One thing with football is you are not a staunch fanatic if you watch a game alone. You just have not felt the euphoria of being a fan if you have never had a crowd around you. This, like many Arsenal fans, is what most EPL fans look out for every weekend—a chance to toast to a win and groove to it right on. A pub is always the perfect place for this extravaganza.

This season, in particular, Arsenal’s winning spree has not just excited the club’s supporters, but also rallied supporters of other EPL clubs, especially arch-rivals of the former.
Because they are leading the EPL table, every club in the top four is a close competitor, and potential title winner at the end of the season. This makes many fans of the top-four clubs interested in season games as well, hence increasing numbers in pubs where the action ought to be caught.
“Lately, much as Arsenal fans come in larger numbers compared to other fans, we host many diverse football fans, some of whom come with the intention of gloating just in case Arsenal lose a match,” says Leo Akankwasa, the manager of Premium Pub in Namugongo. “This has continuously made bars almost flood whenever there is an Arsenal game.”

Robert Mugisha of QC Bar and Pork Joint says he owes the return of Arsenal fans to bars to the new coach. Mugisha adds that: “Many of my customers are Arsenal supporters, and they come here every weekend because they know their club is going to win. And whenever they win, I’m happy because I know they are going to celebrate that win with drinks and meat.”
At Smokey’s Bar and Lounge in the upscale Kampala suburb of Nakasero, management had to expand and redesign the premises, to create enough space for football fans to enjoy. The manager of the bar says: “This season we were overwhelmed by the numbers of people who used to come here on weekends specifically for football.”
The manager adds: “Many of them come from nearby car bonds and offices, and whenever they come, the bar area and restaurant make quite a killing. Resultantly, management decided to create enough space and more screens for football because previously, the only screen was at the counter, which would get overly crowded.”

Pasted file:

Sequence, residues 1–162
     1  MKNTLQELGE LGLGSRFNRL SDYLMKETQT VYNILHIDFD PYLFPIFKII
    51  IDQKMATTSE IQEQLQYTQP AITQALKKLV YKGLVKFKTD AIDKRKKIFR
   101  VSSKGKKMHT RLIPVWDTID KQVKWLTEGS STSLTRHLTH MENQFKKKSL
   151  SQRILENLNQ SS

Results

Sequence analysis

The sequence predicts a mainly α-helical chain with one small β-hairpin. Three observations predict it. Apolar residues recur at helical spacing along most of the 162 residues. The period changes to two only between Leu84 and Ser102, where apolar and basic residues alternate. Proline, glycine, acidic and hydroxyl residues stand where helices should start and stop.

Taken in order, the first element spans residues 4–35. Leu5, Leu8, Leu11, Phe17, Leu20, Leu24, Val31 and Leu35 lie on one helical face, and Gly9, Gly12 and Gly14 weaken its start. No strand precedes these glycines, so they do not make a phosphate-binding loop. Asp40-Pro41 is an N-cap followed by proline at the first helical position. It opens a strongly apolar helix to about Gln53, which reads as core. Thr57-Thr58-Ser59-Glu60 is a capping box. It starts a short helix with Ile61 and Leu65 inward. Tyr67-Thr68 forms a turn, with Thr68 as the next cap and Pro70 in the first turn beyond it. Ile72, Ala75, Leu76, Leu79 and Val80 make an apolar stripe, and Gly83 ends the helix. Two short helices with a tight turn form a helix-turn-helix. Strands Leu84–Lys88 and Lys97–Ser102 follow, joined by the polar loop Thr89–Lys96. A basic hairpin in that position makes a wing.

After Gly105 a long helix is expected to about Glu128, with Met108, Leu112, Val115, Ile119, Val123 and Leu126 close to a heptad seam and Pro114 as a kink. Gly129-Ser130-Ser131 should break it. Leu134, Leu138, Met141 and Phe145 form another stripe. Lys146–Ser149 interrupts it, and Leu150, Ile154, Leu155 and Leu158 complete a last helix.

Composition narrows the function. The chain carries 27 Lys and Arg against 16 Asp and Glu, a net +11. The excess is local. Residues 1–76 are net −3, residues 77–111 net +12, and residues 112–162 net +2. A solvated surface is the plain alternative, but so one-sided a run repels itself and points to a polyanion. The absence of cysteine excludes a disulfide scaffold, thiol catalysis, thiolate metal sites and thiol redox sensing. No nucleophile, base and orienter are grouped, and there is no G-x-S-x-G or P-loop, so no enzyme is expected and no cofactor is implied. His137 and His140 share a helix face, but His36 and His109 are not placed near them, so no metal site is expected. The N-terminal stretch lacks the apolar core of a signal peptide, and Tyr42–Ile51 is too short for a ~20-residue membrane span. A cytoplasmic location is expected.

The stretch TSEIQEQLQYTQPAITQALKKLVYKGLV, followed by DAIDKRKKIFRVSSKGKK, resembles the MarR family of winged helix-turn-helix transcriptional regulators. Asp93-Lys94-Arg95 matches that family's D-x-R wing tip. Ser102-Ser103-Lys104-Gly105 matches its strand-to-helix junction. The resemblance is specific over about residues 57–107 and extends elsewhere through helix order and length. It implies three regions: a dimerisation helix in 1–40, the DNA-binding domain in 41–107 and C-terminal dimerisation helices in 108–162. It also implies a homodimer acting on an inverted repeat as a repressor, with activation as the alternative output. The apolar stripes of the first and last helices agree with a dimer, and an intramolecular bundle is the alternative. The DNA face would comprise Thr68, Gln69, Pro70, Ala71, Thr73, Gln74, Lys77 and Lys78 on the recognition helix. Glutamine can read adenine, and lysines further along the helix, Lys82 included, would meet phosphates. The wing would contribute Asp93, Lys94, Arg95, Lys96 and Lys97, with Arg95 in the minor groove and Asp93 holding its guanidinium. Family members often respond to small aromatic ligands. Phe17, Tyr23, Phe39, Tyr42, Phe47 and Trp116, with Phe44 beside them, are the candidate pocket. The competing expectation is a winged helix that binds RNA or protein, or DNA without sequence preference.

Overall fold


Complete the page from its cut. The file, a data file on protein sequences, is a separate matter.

Social media frenzy
As the trend of watching football in pubs gains traction, social media has also played a big role in creating the fear of missing out among the not-so-interested lot.
Today, with the buzz that will be created on Twitter about an Arsenal versus Manchester United fixture not getting many out of their houses to go catch the game in a public space, and no matter who loses the game or not, the bars always win.
In terms of marketing and advertising, a number of pubs have now turned to football games. To attract more customers, a pub now makes sure it erects a notice at the entrance about which games they will be showing live, and unless you are not a fan, you will always be lured into passing by that bar.

In fact, some bars have made it easier for football fans who cannot afford buying a meal or paying for a game elsewhere by allowing them to simply buy a bottle of beer, water or soda and just like that, you get to watch more than one match.
Denis Mugula, a frequent visitor at Da Sports Bar in Mengo, says it is convenient for him to just buy water and then get to enjoy his football at the bar. Mugula is an Arsenal fan. He perhaps represents many fans in Uganda who have been buffeted by the cost of living crisis.
While such stinginess does not result in huge sales from a single customer, Bunanukye says it assures bar owners of customers consistently coming again and again. 
This is because they are assured of convenience at a cheap cost.

Threat to pubs?

However, to slightly disagree with the narrative that Arsenal’s success is increasing numbers in pubs, Felix Kabiito—a Manchester United fan and restaurant owner—says there is still a big number of fans who increasingly find it more convenient to watch football from the comfort of their homes.

He adds that many such fans—especially those who have supported their clubs for a very long time—see no appeal in staying out in a pub late simply because of football. This category of people instead choose to invest in Pay TV packages that grant them access to EPL matches in the comfort of their living rooms.
Additionally, because of this year’s World Cup interruption in club football fixtures, kick-off time, especially in mid-week shifted to 11pm, which curtails many from staying out that late.